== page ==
I took a nap with my computer left on, and when I woke up, it was off. It does not turn on or do anything at all when I depress the power button. In my mind, I went through a checklist of possible reasons for malfunction. The cause could not have been a power failure, because the power was on at the moment, and it could not have been a power surge, because it was surge protected and other computers in the house were working perfectly. So, when I reset the power strip a few times and flipped the power supply switch a couple times, I decided to open it up.
Inside, there were no busted capacitors and all power cables were connected correctly. Nothing interesting was found except for a lot of dust. Then, I decided to look into the power supply, and in that I found a certain ceramic capacitor that had cracked. Could this be what has brought my rig to its knees?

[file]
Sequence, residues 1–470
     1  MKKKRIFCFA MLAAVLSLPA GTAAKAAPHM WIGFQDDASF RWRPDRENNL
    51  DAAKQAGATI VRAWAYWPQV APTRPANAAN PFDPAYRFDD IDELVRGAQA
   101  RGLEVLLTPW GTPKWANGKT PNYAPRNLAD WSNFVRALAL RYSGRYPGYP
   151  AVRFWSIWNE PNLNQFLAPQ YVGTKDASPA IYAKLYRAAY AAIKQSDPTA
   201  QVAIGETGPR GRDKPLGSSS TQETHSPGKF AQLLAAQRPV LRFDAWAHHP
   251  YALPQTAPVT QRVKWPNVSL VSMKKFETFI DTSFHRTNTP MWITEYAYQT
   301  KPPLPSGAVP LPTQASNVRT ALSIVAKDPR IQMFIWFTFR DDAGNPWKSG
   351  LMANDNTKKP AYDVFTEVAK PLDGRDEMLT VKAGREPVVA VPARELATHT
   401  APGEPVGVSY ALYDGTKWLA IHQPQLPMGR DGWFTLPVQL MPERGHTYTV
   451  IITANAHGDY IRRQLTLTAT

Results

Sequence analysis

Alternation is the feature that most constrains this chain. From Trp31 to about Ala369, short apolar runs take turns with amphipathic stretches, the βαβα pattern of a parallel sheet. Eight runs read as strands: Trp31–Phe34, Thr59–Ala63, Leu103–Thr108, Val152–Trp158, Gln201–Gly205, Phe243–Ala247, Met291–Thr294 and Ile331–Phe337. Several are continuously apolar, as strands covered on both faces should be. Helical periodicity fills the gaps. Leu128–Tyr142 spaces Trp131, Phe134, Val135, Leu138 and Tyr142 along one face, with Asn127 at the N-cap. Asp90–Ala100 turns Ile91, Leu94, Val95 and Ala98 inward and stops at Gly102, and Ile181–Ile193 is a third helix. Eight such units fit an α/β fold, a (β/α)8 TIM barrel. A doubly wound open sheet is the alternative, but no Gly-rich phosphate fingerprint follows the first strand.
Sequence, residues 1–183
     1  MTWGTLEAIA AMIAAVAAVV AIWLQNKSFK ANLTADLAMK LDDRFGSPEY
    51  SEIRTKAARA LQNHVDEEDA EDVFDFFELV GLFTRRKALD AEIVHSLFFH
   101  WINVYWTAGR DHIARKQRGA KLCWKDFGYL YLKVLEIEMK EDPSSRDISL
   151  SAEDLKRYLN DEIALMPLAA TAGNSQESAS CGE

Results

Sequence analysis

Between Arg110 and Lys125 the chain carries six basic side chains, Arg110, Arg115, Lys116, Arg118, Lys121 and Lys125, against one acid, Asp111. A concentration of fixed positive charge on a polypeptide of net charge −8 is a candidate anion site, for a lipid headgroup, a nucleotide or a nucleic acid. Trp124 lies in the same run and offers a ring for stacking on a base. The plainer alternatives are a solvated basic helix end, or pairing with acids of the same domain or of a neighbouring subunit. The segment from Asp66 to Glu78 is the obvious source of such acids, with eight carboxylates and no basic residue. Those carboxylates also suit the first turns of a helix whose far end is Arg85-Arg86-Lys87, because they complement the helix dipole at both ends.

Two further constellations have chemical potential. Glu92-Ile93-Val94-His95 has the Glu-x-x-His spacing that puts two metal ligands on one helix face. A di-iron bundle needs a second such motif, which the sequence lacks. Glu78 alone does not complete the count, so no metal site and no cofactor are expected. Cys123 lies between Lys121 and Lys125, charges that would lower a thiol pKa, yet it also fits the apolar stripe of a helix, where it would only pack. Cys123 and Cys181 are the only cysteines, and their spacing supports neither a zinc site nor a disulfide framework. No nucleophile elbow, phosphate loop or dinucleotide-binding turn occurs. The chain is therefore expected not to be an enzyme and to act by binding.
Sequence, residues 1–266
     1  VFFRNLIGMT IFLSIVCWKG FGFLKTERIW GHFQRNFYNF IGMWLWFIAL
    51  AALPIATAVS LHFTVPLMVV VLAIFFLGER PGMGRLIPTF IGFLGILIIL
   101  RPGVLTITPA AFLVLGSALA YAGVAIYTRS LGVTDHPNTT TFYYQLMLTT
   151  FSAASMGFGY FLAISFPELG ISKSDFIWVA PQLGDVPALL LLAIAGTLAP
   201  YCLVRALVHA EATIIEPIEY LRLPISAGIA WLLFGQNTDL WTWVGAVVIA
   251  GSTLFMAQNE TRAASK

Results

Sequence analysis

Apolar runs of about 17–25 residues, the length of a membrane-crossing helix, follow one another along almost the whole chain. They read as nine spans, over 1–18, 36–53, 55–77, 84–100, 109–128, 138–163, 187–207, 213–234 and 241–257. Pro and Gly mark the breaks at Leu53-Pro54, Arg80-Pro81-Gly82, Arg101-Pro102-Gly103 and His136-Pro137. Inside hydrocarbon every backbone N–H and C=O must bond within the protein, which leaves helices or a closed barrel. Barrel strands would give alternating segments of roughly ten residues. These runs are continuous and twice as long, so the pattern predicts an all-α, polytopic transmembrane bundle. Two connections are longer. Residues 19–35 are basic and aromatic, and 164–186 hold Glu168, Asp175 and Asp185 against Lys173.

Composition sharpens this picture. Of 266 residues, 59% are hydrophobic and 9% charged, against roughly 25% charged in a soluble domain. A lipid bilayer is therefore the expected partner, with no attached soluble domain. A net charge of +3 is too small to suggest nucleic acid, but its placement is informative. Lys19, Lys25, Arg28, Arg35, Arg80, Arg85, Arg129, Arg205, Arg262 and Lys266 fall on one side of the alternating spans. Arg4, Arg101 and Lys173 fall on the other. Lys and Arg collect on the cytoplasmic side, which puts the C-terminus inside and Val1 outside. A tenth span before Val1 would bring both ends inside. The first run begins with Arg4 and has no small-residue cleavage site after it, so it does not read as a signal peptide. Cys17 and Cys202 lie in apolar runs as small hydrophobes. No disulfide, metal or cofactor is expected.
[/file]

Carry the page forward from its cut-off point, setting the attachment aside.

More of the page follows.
Well, if it makes it any more likely, the power supply came bundled with the case I bought for 40USD. The model, to be specific, is a Raidmax RX-420K It was cheap, but it worked. Some research was done and apparently it has failed on other people. But the thing is, it was only rated for 420 watts while I was recommended by Newegg's calculator to have a power supply that can handle 450 watts.
Overall, could the fact that the computer won't turn on spell damage to my files? Also, are there other possible solutions that I failed to take into consideration? Is it really a power supply problem, and if it is, did the power supply wreck the motherboard?
Please help, and if pictures make it easier, I'll post some.
Thank you in advance.
Yeah, while those things are undoubtedly good, they are unduly expensive IMO, especially as nothing can really guarantee reliability. It's just that some makers are more likely to be more reliable than others. And Seosonic, Antec, XFX, Corsair all fall in that category.
Dunno your specs, but Raidmax, Rosewill and especially Coolermaster are definitely vfm.
It's impossible to recommend a PSU for you without knowing your configuration (gfx card, case), because of not just available amperage ratings, but also compatibility issues with your case, and connectors required for your GPU.